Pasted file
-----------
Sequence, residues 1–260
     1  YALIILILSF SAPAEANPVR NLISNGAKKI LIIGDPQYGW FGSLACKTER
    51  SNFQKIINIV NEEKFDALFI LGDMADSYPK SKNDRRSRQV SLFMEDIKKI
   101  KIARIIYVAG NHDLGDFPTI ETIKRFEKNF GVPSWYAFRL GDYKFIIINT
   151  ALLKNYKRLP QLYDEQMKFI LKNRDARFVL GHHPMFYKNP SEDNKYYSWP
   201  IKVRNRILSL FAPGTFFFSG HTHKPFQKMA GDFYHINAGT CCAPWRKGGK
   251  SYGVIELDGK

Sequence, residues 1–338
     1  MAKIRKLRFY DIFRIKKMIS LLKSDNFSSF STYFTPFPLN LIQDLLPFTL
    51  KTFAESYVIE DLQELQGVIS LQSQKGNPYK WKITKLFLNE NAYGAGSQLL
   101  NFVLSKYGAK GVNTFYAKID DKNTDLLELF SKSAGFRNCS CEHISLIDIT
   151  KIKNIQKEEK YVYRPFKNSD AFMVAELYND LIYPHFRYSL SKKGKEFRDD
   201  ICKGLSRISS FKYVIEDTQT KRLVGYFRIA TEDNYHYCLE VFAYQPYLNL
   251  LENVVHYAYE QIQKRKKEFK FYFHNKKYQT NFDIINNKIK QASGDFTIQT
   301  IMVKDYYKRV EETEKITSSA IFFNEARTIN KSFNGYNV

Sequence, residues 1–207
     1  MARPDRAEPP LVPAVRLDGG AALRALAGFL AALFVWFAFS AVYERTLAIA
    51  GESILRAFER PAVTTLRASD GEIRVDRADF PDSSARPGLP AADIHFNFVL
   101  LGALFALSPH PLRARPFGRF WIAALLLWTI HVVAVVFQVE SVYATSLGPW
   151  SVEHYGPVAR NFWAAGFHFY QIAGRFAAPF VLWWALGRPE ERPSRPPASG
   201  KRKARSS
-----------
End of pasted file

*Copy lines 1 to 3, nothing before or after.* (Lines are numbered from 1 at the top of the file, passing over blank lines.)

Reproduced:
Sequence, residues 1–260
     1  YALIILILSF SAPAEANPVR NLISNGAKKI LIIGDPQYGW FGSLACKTER
    51  SNFQKIINIV NEEKFDALFI LGDMADSYPK SKNDRRSRQV SLFMEDIKKI